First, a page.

Blue Cross Blue Shield of NC has decided to deny my son “Terell” for two needed medical procedures that have been proven to stop “Keratoconus” from progressing eventually causing one to lose vision, but they’ll pay for a Cornea Transplant once his vision is practically gone. (So- let’s get this right, let’s wait until my son can barely see in front of himself and then and only then will we help) Blue cross has definitely lost my vote for being my son’s cross and as far as the shield he’d be blind by the time they decided to shield him. It’s very upsetting to know that you pay insurance companies to be there for you in situations like this, but when the unforeseen happens, they leave you to fight alone. It’s more than heartbreaking.
I’m a mother trying to help her son. One evening my son looked at me and said, “Mom I think I’m going blind.” On Monday July 9th the following week he was diagnosed with “Keratoconus”. Keratoconus is a rare eye disease: causes- unknown. (Also known as Pellucid) is a progressive non-inflammatory disorder that causes a characteristic thinning and cone-like steepening or bulge of the cornea. This steepening results in distortion of vision, increased sensitivity to glare and light and an associated reduction in visual acuity. Currently this disease affects 1-500 where is use to be 1-2000.
He started noticing that his vision getting worse at the age of 16, but his doctor stated that at 21 he would be a candidate for Lasik surgery and he didn’t see reason for concern. He never mentioned anything about an eye disease, basically because he didn’t know. We’ve been on a roller coaster ride since July 9th. Currently he doesn’t have a driver’s license because cannot drive due to the loss of functional vision is his right eye. (He’s experiencing halos, double, ghostly shadows, and blurred vision. He’s at the age when one is looking for his independence, working and trying to focus on a career, but BCBS of NC has placed a denial stamp on that. We’ve been with BCBS for years, paying over $500 a month for family benefits and now that we need them they toss us to the wind for us to find funding for needed procedures on our own. It’s hurtful and sad. The reason for denial is: the request does not meet the definition of Medical Necessity found in the members benefit booklet (investigational, experimental) Wow- two medical procedures clearly submitted by two doctors to stop one from going blind isn’t in the book… what about what’s needed? What’s necessary? What’s proven to help?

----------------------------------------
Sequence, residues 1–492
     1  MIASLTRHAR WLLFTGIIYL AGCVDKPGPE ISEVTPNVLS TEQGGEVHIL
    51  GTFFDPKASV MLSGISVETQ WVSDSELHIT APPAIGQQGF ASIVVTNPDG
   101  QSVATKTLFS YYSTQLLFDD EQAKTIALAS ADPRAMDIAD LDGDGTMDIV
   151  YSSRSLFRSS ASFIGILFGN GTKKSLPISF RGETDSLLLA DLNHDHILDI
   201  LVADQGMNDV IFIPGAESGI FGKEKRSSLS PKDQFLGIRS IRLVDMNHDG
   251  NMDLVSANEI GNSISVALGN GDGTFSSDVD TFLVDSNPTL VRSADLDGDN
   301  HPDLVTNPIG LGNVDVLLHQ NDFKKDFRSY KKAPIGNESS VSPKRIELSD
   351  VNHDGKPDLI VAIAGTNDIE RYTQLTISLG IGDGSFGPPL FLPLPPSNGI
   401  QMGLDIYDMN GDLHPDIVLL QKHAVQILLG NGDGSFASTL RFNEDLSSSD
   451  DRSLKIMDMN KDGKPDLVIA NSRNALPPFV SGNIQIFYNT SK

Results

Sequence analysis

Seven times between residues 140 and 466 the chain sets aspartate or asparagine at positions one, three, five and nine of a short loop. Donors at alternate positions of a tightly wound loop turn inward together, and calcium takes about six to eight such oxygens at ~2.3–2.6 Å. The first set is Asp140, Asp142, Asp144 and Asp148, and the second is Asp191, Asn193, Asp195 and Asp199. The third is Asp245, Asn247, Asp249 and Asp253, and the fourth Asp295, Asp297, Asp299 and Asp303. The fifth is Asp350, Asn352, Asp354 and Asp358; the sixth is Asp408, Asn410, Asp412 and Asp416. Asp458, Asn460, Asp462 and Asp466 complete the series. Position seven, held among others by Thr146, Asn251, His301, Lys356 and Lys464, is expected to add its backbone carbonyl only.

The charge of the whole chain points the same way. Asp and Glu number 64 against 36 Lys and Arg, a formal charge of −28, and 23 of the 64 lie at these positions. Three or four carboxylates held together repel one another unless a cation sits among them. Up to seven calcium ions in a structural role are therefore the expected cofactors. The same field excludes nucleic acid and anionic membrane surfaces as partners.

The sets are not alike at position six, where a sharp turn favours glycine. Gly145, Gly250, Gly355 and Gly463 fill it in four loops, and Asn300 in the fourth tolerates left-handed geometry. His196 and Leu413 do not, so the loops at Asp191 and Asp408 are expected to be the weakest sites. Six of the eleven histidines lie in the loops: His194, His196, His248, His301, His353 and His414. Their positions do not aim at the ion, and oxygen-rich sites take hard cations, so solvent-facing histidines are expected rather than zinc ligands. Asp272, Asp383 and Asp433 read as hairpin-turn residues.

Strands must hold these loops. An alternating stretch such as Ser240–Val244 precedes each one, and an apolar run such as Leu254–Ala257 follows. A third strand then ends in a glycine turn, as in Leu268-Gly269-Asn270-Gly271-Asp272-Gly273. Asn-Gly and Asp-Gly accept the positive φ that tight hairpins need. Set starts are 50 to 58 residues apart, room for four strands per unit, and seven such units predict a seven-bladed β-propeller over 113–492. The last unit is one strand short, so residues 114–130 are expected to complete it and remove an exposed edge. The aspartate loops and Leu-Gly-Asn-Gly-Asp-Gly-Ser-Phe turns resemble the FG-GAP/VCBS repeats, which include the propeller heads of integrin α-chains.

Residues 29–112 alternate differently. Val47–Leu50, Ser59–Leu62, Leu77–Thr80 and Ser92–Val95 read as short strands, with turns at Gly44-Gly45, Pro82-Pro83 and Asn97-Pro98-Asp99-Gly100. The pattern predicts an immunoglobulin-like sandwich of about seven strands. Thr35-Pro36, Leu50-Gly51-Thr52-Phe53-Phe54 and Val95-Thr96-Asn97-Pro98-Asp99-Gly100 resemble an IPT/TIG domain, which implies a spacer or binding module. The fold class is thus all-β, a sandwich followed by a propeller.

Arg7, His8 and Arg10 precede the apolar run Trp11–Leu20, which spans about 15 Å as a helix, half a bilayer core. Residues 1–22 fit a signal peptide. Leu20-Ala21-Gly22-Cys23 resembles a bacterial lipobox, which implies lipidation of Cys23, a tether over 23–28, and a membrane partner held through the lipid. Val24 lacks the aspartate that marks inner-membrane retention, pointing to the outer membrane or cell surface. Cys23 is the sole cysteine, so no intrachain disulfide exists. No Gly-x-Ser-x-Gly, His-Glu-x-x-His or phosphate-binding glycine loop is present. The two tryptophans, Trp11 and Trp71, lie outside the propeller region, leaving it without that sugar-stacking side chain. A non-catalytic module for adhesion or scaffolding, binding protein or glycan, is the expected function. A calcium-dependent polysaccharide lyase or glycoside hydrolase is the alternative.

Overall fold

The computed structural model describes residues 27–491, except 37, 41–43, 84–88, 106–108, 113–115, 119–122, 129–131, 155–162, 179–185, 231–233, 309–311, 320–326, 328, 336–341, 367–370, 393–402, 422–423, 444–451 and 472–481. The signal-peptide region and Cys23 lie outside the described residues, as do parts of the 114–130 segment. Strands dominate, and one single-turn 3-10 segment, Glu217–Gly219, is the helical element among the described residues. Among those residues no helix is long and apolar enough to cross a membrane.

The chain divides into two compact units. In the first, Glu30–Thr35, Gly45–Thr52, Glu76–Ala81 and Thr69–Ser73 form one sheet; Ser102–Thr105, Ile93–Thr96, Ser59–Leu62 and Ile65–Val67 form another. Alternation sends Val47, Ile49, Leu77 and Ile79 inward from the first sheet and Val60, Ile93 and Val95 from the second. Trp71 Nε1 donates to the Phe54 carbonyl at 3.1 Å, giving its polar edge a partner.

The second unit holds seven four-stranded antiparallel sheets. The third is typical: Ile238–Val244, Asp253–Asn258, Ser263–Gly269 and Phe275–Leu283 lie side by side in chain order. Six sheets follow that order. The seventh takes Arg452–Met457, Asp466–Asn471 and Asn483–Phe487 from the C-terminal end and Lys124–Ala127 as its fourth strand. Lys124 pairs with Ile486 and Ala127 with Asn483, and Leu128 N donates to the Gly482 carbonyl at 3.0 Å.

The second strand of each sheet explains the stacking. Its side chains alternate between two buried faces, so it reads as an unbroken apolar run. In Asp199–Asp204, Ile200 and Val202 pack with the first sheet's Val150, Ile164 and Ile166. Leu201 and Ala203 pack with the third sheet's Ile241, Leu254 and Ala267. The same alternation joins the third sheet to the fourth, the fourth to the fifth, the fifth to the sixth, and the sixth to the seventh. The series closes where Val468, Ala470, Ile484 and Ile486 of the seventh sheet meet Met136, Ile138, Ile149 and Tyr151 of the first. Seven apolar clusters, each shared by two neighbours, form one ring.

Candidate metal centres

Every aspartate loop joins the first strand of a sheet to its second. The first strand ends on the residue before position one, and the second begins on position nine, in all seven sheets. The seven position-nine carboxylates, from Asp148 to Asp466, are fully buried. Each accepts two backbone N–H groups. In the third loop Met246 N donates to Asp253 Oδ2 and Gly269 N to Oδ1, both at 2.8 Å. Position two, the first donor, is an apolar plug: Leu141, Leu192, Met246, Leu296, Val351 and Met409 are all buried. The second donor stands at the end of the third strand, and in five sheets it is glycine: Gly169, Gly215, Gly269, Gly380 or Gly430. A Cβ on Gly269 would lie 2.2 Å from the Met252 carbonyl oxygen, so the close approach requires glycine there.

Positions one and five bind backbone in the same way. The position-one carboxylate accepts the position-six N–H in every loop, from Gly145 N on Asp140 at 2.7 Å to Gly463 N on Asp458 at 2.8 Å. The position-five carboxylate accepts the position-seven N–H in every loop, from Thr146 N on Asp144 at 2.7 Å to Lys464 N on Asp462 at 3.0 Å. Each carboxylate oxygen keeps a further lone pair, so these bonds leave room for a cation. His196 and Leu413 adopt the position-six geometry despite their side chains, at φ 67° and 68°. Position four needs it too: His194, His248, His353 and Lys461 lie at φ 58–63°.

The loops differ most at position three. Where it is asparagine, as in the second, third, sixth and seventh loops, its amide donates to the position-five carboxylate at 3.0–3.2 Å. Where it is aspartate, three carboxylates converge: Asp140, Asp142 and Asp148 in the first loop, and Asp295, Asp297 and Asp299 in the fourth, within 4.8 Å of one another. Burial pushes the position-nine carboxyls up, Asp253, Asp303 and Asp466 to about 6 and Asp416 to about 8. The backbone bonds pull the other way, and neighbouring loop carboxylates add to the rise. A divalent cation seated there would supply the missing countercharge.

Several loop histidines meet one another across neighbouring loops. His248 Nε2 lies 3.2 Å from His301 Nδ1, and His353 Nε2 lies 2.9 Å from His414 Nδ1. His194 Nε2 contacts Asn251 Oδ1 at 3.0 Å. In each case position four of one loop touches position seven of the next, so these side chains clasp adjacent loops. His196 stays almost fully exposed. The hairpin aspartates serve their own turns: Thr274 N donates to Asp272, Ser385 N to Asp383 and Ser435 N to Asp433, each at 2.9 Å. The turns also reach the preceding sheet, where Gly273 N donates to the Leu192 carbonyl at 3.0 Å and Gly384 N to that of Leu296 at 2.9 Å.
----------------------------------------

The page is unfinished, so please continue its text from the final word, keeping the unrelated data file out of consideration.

I was told by the doctor that diagnosed my son with Keratoconus that there was a procedure called Collagen Cross-linking, but that it had not reached our area yet. Terell is in intolerable to RGP (Rigid Permeable Gas) hard contacts and glasses weren’t working. Since then I went on a mother’s expedition to find medical help that would not only improve his vision but stop this disease in its tracks. I found the procedure when I stumbled across Doctor Brian Wachler-Boxer. My son’s medical eye charts were forwarded to Dr. Brian’s office in California. After review, he recommended Holcomb C3R Cross-linking in both eyes and Intacs only in right eye were the disease has progressed. During continuous research, I finally located a doctor in the area who also recommended Collagen Cross linking and Intacs as well. Holcomb C3R Cross-linking: a noninvasive treatment with Riboflavin applied to the cornea then activated by a special light, which helps prevent further progression of the disease and has been proven to stabilize deterioration. The cost of this procedure is $3350 per eye compared to $21,000 for a cornea transplant. Further, there is no risk of rejection, whereas a cornea transplant has a 30% rejection rate. Intacs: corneal implants are clear, thin corneal implants placed in the periphery of the cornea by an ophthalmologist during a brief outpatient procedure. Intacs corneal implants reshape the curvature of the cornea from within, enhancing the natural shape of your eye to correct mild nearsightedness. Because no tissue is removed, natural optics is enhanced and the structural integrity of the cornea is maintained. The cost of Intacs is $4300 per eye, compared to a cornea transplant of $21,000
Please sign my petition and join me demanding that BCBS of North Carolina make this right. We ask that they approve these procedures, and not wait until my son has no vision. I ask that BCBS of North Carolina stop denying proven treatments that remove pain, save lives, and save vision. It is time that they are held accountable for their decision making. We are not numbers we are HUMAN. Thank you for your support and prayers.
Caring Mother, Delores
• FDA-approved as safe and effective
• FAA-approved for pilots
• Excellent results - in U.S. clinical studies, 97% of patients saw 20/40 or better with Intacs cornea implants, 74% saw 20/20 or better, and greater than 50% saw 20/16 or better.
While crosslinking is used in virtually every country around the world, it is still in the FDA approval process in the United States.
Corneal collagen crosslinking (CXL) was developed in 1998 by Theo Seiler, MD, and has been shown in numerous clinical trials to strengthen the eye's clear surface (cornea) through the application of riboflavin, a form of vitamin-B2, followed by treatment with ultraviolet A (UV-A) light.